If, as in this example, the diameter of the opening in the drum is 21/4 inches, the widest dimension of either the vertical or horizontal portions of blade 18 would be restricted to somewhat less than 2 3/16 inches so as to enable the agitator to be either positioned within or removed from the drum. Furthermore, that part of the blade between the vertical and horizontal portions has a slot 44 formed therebetween and extending from that edge facing the center of the drum, as shown in FIG. 1, so that the corner section between the vertical and horizontal portions does not exceed the dimension of the hole opening in the drum, so as not to impede the placing of the agitator within or removing it from the drum. By forming slot 44 in that part of the blade which faces the central axis of the drum, that portion 46 of substantially horizontal portion 38 is made to extend to a more distal point from the central axis of the drum so as to effectively increase the stirring action of the agitator by providing more surface area further from the center of the axis of rotation of the agitator, and also provide for a scraping of a much larger area of the bottom of the drum.

In an alternate embodiment shown in FIG. 5, that portion 48 between the vertical and horizontal portions of the agitator blade is shown to be rounded so as to insure that the widest dimension of the blade is not so excessive as to prevent the passage of the blade through the hole in the drum.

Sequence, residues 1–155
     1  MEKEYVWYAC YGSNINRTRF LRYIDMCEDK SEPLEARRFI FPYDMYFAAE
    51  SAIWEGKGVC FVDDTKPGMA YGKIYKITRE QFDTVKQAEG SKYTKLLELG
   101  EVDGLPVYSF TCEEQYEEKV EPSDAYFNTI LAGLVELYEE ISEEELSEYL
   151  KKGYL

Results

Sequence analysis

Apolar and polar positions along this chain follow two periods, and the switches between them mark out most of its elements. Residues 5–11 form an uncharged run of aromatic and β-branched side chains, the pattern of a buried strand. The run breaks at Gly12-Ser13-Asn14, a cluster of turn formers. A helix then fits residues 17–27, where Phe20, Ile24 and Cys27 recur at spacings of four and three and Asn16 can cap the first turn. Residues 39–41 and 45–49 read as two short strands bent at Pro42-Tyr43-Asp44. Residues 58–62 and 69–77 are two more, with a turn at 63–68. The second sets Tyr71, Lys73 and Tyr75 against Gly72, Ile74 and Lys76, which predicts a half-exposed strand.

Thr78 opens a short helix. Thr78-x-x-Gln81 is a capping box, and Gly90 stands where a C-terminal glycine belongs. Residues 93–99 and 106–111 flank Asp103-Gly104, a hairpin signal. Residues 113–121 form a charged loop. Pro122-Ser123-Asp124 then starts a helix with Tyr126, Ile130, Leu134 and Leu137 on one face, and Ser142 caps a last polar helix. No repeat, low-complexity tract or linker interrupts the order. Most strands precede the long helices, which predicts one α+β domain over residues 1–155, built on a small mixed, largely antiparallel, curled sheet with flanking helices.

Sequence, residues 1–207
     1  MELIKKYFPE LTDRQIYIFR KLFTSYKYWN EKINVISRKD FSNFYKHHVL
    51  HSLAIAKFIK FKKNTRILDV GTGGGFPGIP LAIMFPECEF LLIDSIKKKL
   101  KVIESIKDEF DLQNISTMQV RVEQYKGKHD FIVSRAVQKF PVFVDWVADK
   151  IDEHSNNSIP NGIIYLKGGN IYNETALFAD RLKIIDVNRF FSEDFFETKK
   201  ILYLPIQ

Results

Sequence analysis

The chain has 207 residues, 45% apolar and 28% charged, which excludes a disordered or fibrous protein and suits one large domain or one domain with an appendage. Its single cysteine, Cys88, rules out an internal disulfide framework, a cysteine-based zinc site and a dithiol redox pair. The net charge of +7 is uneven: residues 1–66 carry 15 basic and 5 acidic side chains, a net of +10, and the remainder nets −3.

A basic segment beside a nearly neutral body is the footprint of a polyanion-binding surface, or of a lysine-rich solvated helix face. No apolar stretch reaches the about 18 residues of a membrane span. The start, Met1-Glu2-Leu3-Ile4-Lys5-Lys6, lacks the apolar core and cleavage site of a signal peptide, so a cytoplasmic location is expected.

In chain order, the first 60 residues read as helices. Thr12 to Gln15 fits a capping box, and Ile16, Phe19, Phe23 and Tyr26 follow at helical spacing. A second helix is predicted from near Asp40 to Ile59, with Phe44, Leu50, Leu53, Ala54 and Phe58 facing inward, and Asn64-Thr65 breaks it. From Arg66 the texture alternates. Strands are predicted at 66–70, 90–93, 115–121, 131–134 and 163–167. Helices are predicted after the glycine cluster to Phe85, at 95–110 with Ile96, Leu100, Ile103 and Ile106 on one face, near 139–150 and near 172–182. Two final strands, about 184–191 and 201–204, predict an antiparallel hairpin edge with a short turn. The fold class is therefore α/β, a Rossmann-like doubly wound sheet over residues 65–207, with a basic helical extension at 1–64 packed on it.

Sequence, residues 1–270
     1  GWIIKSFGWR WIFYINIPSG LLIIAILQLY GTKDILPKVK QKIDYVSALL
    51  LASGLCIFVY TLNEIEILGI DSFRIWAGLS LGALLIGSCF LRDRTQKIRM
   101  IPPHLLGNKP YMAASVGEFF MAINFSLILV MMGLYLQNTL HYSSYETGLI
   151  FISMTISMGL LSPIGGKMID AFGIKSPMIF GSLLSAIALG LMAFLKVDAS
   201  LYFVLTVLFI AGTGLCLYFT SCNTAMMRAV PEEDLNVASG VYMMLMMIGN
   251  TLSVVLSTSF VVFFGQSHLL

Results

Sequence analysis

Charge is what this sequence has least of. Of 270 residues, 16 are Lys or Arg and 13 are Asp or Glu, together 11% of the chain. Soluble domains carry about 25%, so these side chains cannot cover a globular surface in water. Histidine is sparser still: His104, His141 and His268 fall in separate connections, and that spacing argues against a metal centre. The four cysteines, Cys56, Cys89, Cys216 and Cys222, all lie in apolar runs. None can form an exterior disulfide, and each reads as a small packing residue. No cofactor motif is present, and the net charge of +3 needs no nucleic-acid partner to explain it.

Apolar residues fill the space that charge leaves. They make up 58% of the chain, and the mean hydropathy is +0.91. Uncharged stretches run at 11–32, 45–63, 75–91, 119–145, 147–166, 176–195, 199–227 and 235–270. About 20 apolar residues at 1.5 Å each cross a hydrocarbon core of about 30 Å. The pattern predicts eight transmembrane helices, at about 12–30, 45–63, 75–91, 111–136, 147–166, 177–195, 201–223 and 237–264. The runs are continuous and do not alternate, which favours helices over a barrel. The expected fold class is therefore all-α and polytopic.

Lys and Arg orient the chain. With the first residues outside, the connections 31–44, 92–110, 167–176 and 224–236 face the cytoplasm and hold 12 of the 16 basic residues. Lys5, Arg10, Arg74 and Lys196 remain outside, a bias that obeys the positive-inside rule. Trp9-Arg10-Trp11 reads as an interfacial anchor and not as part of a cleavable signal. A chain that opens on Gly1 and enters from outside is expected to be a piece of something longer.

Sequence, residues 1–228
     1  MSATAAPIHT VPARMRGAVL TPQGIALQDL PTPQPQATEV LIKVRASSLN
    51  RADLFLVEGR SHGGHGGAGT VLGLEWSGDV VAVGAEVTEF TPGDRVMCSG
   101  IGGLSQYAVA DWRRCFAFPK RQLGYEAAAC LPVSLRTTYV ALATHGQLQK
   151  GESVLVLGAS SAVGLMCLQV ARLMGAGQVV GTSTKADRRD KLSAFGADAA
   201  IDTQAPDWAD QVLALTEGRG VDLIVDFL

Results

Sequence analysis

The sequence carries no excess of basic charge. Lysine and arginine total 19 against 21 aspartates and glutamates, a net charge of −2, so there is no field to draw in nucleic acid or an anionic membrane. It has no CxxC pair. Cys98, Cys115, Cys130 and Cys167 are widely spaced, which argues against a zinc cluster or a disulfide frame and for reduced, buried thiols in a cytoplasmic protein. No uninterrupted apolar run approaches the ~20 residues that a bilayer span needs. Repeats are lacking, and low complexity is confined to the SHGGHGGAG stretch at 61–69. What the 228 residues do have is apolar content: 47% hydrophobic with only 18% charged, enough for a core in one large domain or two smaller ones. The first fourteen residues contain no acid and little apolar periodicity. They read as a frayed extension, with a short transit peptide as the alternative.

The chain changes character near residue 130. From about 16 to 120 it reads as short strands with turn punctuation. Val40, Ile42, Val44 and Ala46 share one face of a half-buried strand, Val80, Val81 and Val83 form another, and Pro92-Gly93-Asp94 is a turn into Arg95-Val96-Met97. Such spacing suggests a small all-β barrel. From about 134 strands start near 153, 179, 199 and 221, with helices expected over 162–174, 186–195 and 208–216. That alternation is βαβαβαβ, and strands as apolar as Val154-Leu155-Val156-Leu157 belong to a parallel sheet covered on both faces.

It should be noted in FIG. 2 that blade 16 is loosely fit within sleeve 20. A pin 50 passes through the blade and rests on a flange 51 within sleeve 20 so as to allow the blade to rotate. A plug 52 may be screwed into a seat 54 within sleeve 20 when hand crank 22 is removed from vertical portion 24 of shaft 16, so as to seal the drum.

While hand crank 22 may actually be stirred by hand, agitator 10 can be adapted to be automatically stirred using any of the conventional techniques shown in the prior art or referred to in U.S. Pat. No. 3,295,836.

It thus is seen that there are provided removable agitators which achieve the several objects of the invention and are well adapted to meet the conditions of practical use.

As various possible embodiments might be made of the above invention, and as various changes might be made in the embodiments above set forth, it is to be understood that all matter herein described, or shown in the accompanying drawings, is to be interpreted as illustrative and not in a limiting sense.